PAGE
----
By Elaine Chan, MSW, MDiv, BCC
On Good Friday I got a referral to see a Roman Catholic patient whose adult son had died recently. The woman was lying in bed and spoke very softly, almost inaudibly. As I listened carefully I learned that she was upset about her son’s death and that the staff would not give her medication to dull her emotional pain. She said she did not really want to talk, just to get her medication. A few days later I saw her again but she repeated her request for medication. The doctor had requested “spiritual care” because he did not see the need for more psychotropic drugs. But unfortunately the woman was adamant about receiving medication and was not receptive to spiritual care.
When I first started doing pastoral care a priest told me that while individuals come to the hospital for a physical illness, many may have underlying personal issues that adversely affect their well-being. Sometimes it may be the death of a close family or friend or some other personal issue. My sense is that the woman whose son had died had other issues besides his death. As chaplain, I am not trained to assess her mental state but rather to be present to her, listening and witnessing her pain and offering spiritual or religious support, as needed.
While I am not a mental health professional, I am familiar with mental illness, having experienced this with two of my siblings. My siblings from time to time have had to be hospitalized. I am happy to say that the pastoral care provided to them has been meaningful. One sibling, who had already been diagnosed with an illness, lived near the World Trade Center and was deeply affected by the events of 9/11. She was admitted to the hospital and felt better after receiving medication and care. In the hospital she also received regular visits and Holy Communion from a priest which gave her much comfort.
Another sibling needed surgery a few months ago due to the damaging effects of some medication which she had been on for years, and from which she has since been removed. She did not fully understand her medical condition and was quite upset. At the time I worked in another part of the city and was concerned about her during the day. The chaplain I asked to visit her assured me that my sister was getting a lot of attention and good care from the staff. This put my mind at ease until I got to see my sister in the evening.
This same sister used to attend services with a foster family she lived with. At these services she learned to pray out loud, asking God for help with various needs. When our father died, she offered a prayer, and my pastor was impressed with how well she spoke.
Spiritual care can be offered to an individual with mental illness. It is difficult to generalize about what spiritual care can be offered. Each individual is different, and each one is a person with feelings, needs, dreams and hopes. People with mental illness need to be encouraged and supported to reach their potential. Similarly, their families and caregivers need support as they deal with the stress, worry and emotional overload of their responsibilities. Individuals with mental illness need chaplains to be present, to listen and assure them that they are safe. Individuals who are psychotic may not be receptive to a chaplain but this may change once they are treated with medication. Schizophrenics may hear voices from God or Satan, telling them to do one thing or another. While chaplains can speak to some of this, the individuals will need more than pastoral care to deal with the voices.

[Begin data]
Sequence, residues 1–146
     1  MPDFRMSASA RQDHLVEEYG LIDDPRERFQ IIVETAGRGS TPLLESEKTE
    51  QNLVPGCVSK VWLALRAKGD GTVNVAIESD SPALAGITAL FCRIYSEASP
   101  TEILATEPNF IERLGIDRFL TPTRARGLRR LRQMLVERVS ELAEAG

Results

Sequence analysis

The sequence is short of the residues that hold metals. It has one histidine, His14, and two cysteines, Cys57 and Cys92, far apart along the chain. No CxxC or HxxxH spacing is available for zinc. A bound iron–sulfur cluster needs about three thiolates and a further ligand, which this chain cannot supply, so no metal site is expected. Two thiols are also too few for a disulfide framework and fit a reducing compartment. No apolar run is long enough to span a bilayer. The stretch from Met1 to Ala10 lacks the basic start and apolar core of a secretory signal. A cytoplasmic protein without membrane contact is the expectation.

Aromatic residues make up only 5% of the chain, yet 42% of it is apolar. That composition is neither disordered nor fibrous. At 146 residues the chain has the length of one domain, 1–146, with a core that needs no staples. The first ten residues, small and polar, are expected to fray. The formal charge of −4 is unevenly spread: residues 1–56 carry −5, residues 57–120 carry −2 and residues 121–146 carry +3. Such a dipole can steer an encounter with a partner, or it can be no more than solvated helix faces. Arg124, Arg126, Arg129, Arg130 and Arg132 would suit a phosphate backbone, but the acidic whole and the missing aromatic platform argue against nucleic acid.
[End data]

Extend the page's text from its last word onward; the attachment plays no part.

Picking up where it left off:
Individuals with mental illness want the same things the rest of us want and are frustrated that their mental illness may prevent them from fulfilling their dreams and hopes. My siblings live in supervised settings and miss not being with family. They crave attention and love from family. Sometimes they call multiple times in the same period just to be reassured that someone is there for them. What my sister says does not always make sense, but it is not so much what she says but that she wants attention.
Thank God there are many resources to help individuals with mental illness as well as their caregivers. In the past I have been a member of The National Alliance on Mental Illness (NAMI) and have taught their Family-to-Family Course for family caregivers of individuals with serious mental illness. This is an excellent 12-week course which is taught by trained volunteers who have experienced mental illness in their own families. It covers a variety of topics including current information about different mental illness diagnoses, e.g. schizophrenia, major depression; up-to-date information about medications and their side effects; current research on brain disorder; how to understand and relate to the person with the mental illness; strategies for dealing with crises and relapses as well as self-care for the caregivers. NAMI is a national organization with offices throughout the United States. Catholic Charities may also offer resources for individuals and their families.
On Good Friday I gave a reflection on the Seven Last Words, noting that we cannot appreciate Easter and the Resurrection if we do not contemplate what happened on Good Friday. Individuals with mental illness as well as their families and caregivers daily walk the road to Calvary. We celebrate moments of grace when we see our loved ones do well and thrive. We also weep with them when they falter. Chaplains can walk alongside them, letting them know that they do not walk alone. As much as possible, we can try to include individuals with mental illness, their families and caregivers in various activities such as spirituality groups, worship services etc. Resurrections are possible as we help individuals reach their full potential and be the people God meant them to be.
Elaine Chan is staff chaplain at New York Hospital in Queens, New York, and is a member of the NACC’s Editorial Advisory Panel.